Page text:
The Olympic Games have always been a source of inspiration featuring the best of the best in amateur sports and athletics competitions. Just watching these athletes achieve amazing feats is awe-inspiring, but when you think they can't do any more, they go that extra mile. This is what takes an athlete from great to exceptional. Read on to uncover the top 10 most inspiring stories of the Winter Olympics, stories of people overcoming the greatest obstacles in their quest for excellence.
The Jamaican Bobsled Team: Tropical Inspiration
One of the most inspirational stories of the Winter Olympics has to be the success of the Jamaican bobsled team. They debuted at the 1988 Winter Olympics in Calgary, Alberta where they became famous because of the novelty of a tropical based team competing in a winter sporting event. Unfortunately, they did not finish because they lost control and crashed. However, they were greeted with applause when they walked to the finish line, carrying their sled.
They showed significant improvement throughout the games,
impressing onlookers with fast starts, and then went on to qualify in
the 1992 Winter Olympics in France. Here, they finished poorly but they
did place 14th, ahead of the US, Russia, France and Italy in the 1994 Winter
Olympics in Lillehammer, Norway. In 2000, the Jamaican team took home
the gold medal from the World Push Bobsled Championships. Their story
inspired the major motion picture, Cool Runnings.
Dan Jansen: Overcoming Personal Tragedy and Going for Gold
Dan Jansen is one of the best American speed skaters in history and his story is one not easily forgotten. In the 1988 Winter Olympics, Jansen was one of the favorites to win the gold. However, the devastating news of his sister's death of leukemia mere hours before the beginning of the race led to him losing in both the 500 and 1,000-meter races.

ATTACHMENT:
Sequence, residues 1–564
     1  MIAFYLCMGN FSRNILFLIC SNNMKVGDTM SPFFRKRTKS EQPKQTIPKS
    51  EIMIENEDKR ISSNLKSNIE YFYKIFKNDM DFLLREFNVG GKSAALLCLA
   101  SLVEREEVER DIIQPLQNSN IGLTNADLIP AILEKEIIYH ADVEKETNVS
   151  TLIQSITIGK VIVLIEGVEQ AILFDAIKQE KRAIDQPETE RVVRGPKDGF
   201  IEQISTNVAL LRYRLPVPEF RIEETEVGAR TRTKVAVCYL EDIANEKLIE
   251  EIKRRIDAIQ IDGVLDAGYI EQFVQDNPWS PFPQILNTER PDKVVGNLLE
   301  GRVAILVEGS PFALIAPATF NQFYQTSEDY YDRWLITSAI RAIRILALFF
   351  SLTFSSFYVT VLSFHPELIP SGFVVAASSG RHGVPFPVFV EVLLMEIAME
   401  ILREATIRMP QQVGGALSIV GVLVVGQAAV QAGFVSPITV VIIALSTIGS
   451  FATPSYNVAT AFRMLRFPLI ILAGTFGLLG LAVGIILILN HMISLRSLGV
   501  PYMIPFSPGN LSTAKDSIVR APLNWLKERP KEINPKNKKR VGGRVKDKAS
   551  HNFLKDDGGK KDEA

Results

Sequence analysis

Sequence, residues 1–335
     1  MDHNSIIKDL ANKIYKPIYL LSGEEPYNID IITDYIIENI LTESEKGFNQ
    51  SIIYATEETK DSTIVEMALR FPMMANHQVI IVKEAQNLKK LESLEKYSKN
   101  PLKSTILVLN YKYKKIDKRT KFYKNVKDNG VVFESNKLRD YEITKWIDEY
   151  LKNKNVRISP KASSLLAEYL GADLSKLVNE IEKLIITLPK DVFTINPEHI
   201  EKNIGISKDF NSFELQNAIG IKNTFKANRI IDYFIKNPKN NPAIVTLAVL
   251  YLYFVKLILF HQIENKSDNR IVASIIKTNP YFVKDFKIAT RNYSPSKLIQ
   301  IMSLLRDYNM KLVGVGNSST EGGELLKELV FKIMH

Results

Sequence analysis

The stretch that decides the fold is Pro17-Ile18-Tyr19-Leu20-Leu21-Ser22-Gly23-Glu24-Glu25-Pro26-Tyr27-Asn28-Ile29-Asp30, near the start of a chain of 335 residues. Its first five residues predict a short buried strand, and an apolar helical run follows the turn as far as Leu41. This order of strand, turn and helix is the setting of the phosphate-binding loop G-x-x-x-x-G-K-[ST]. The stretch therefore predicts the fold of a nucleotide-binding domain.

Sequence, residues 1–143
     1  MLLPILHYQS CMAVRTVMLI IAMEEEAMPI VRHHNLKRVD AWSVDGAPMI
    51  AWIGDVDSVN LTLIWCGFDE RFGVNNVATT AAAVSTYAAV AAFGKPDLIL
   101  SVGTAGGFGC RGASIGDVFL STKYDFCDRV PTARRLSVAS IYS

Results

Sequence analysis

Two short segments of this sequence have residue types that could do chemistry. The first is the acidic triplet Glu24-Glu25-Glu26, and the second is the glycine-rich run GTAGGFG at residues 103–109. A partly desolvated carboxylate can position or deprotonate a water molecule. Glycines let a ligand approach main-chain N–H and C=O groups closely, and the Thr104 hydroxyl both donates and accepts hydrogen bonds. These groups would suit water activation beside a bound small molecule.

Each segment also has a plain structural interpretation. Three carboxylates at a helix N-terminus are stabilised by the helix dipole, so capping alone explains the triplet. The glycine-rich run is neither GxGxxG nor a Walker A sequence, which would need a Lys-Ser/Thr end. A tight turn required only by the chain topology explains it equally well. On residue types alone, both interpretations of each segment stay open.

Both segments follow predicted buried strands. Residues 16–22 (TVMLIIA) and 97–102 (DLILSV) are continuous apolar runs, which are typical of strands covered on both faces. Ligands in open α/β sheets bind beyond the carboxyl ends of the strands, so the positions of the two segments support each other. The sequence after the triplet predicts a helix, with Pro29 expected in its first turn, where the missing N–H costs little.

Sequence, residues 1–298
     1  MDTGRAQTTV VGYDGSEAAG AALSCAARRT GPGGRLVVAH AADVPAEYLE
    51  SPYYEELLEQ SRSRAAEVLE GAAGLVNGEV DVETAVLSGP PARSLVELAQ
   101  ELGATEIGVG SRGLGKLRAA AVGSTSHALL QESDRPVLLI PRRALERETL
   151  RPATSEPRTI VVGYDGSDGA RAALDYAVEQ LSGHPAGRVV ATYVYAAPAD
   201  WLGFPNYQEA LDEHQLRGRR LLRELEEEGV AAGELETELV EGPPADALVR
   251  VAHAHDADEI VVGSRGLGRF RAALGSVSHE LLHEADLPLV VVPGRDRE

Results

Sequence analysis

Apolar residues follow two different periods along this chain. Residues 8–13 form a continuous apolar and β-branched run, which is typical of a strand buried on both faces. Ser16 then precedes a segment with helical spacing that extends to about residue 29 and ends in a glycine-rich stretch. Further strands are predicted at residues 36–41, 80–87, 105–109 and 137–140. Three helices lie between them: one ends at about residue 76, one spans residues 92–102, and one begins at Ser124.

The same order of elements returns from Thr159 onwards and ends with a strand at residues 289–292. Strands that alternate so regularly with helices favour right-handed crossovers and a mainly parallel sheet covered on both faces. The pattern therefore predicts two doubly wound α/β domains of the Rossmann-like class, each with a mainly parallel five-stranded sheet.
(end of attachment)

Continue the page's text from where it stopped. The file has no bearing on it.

He again failed in 1992 in Albertville but at Lillehammer in 1994, Dan Jansen not only won the gold but also set a new world record. He dedicated the medal to his sister in a touching moment. Lillehammer was to be the last time he competed in the Olympics and he went out in style, raising the bar for all Olympic competitors.
Vonetta Flowers: Accidental Olympian
Vonetta Flowers had always dreamed of competing in the Olympics but had always been unsuccessful in securing a spot on the Track & Field team. In 2000, a few months before the Olympic trials she was admitted to hospital for the fifth surgery on her knee in eight years. Her disappointment led to her decision to retire after a disappointing performance at the trials.
A mere two days after the trials, Vonetta's husband decided to try out for the U.S. bobsled team after seeing a flyer inviting track and field athletes to try out. Vonetta was not interested and was still trying to deal with the fact that she would never live out her dream of competing in the Olympics. However, she agreed to accompany her husband to the trials. Unfortunately, Johnny pulled his hamstring as soon as the trials began and Vonetta agreed to stand in for him.